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Cureus. 2019 Aug 3;11(8):e5314. doi: 10.7759/cureus.5314.

Resident Physician Wellness Curriculum: A Study of Efficacy and Satisfaction.

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Emergency Medicine, University of Alberta, Edmonton, CAN.
Emergency Medicine, Addiction Medicine, University of Alberta, Edmonton, CAN.
Pediatrics, University of Alberta, Edmonton, CAN.
Emergency Medicine, University of Calgary, Calgary, CAN.
Emergency Medicine, Kingston Health Sciences Centre / Queen's University, Kingston, CAN.
Emergency Medicine, University of British Columbia, Kelowna, CAN.
Emergency Medicine, School of Community Based Medicine, University of Alberta, Edmonton, CAN.


Background Recent literature highlights the alarming prevalence of burnout, depression, and illness during residency training; a trend that is also linked to suboptimal patient care. Dedicated wellness curricula may be one solution to this concerning issue. Purpose To determine the effect of a multi-faceted wellness curriculum during emergency medicine residency training on wellness scores and to assess resident satisfaction with the program. Methods This study was conducted via a longitudinal survey. In 2009, a faculty-derived resident wellness curriculum (F-RWC) was initiated. This program was then bolstered with a parallel resident-derived curriculum (R-RWC) one year later, in 2010. Emergency medicine residents were surveyed in 2009, 2010, and 2011 to assess wellness at baseline, after one year of the F-RWC, and after one year of combined RWCs, respectively. Surveys included two validated assessment instruments (the Brief Resident Wellness Profile (BRWP) and the SF-8TM Health Survey), a satisfaction Likert scale, and a demographics information sheet. Results The survey response rates were 89% (n=17), 100% (n=17), and 83% (n=24) from 2009, 2010, and 2011, respectively, for a total of 58 participants. From baseline in 2009, there was a significant improvement in resident wellness, with the addition of parallel RWC by 2011, as measured by the BRWP (p=0.024). The faces scale, a subset of the BRWP, showed a trend toward benefit but did not reach statistical significance (p=0.085). There was no evidence of a statistically significant change in SF-8TM scores over time. Participants consistently reported positive satisfaction scores with RWC initiatives. Conclusions Dedicated RWC, with input from both faculty and resident physicians, improved wellness during residency training with a high degree of participant satisfaction. Such programs are needed to support resident physicians during their training.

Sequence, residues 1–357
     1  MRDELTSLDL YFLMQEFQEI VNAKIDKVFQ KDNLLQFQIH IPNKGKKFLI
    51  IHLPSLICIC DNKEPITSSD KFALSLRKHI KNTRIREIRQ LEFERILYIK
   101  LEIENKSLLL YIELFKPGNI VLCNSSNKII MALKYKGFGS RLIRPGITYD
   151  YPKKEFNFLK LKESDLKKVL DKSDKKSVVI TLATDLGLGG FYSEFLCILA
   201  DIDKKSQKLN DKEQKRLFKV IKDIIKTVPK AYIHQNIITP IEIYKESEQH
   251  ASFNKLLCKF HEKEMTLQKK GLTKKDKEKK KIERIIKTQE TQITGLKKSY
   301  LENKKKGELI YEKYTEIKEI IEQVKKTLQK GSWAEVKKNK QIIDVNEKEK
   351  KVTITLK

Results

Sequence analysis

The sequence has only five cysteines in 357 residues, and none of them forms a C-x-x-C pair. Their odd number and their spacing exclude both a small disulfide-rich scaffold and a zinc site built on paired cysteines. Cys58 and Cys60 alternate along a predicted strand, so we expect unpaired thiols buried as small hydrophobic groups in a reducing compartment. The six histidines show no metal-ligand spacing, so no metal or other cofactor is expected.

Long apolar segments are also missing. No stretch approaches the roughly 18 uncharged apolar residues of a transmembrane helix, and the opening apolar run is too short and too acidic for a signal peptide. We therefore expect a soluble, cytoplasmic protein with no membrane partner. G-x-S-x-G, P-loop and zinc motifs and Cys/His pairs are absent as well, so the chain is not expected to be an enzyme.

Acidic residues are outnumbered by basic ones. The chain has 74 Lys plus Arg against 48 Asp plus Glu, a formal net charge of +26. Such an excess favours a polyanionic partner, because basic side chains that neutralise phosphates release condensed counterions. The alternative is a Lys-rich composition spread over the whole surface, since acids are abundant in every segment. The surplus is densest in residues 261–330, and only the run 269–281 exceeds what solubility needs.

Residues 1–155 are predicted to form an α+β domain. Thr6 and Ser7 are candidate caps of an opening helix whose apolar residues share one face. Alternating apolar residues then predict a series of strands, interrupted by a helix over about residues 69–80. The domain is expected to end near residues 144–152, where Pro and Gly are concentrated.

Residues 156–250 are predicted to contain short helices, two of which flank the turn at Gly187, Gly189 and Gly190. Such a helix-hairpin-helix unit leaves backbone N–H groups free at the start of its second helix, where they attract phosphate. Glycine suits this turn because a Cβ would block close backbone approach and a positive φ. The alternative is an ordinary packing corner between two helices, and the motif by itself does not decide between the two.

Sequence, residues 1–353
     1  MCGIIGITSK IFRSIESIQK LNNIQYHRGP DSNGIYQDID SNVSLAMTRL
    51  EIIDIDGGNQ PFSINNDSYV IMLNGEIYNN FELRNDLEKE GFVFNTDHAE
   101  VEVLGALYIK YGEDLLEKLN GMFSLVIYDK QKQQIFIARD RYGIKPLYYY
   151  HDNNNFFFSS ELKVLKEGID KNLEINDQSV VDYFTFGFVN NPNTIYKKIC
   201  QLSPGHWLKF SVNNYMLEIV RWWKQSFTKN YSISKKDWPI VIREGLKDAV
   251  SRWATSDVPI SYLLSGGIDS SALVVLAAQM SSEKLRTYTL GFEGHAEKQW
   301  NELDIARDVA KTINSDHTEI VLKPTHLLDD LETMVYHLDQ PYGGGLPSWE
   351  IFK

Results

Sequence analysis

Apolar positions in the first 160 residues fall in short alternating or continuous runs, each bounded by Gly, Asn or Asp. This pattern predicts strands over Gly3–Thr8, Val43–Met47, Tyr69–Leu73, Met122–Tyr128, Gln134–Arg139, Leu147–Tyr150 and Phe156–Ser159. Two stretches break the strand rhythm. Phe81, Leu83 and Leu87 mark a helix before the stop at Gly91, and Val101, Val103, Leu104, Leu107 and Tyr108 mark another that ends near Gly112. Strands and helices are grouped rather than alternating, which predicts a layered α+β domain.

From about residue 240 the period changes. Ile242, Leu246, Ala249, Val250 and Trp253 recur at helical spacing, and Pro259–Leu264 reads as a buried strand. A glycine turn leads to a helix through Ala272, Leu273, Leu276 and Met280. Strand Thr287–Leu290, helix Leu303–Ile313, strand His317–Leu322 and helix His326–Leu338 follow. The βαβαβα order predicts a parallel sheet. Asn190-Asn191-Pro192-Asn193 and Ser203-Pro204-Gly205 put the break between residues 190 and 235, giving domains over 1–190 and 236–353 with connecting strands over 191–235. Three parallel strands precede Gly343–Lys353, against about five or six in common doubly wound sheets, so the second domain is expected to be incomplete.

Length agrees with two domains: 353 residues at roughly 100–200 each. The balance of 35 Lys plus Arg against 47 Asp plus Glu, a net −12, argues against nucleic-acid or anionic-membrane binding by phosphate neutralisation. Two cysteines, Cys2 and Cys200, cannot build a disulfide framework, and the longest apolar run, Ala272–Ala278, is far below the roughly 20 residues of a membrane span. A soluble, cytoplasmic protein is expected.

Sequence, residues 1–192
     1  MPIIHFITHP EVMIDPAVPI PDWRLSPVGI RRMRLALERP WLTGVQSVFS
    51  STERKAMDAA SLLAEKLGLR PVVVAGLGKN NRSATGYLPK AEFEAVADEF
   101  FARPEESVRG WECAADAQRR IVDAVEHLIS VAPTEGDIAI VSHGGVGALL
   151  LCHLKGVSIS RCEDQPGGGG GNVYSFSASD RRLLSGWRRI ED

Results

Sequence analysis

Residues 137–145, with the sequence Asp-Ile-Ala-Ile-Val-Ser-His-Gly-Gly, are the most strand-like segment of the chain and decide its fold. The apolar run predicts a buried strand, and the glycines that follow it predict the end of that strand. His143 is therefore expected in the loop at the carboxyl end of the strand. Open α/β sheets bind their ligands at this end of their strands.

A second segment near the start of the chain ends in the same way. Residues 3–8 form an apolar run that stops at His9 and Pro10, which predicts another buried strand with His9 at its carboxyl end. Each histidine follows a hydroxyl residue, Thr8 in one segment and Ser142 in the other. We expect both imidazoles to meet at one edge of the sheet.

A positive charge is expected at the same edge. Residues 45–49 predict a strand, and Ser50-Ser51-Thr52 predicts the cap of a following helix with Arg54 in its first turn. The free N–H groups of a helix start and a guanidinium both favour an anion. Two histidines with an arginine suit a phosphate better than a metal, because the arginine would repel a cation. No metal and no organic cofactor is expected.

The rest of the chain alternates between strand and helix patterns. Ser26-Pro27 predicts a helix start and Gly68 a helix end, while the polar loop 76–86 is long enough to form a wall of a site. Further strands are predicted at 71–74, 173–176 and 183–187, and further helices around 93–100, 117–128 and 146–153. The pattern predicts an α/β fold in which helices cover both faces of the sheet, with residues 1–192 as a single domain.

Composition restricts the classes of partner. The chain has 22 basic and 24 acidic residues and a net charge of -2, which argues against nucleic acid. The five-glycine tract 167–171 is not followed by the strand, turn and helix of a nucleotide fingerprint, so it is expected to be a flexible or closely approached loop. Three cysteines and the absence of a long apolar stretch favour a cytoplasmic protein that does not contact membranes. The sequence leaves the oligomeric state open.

physician burnout; physician well-being; resident curriculum; resident training; resident wellness; wellness

Conflict of interest statement

The authors have declared that no competing interests exist.

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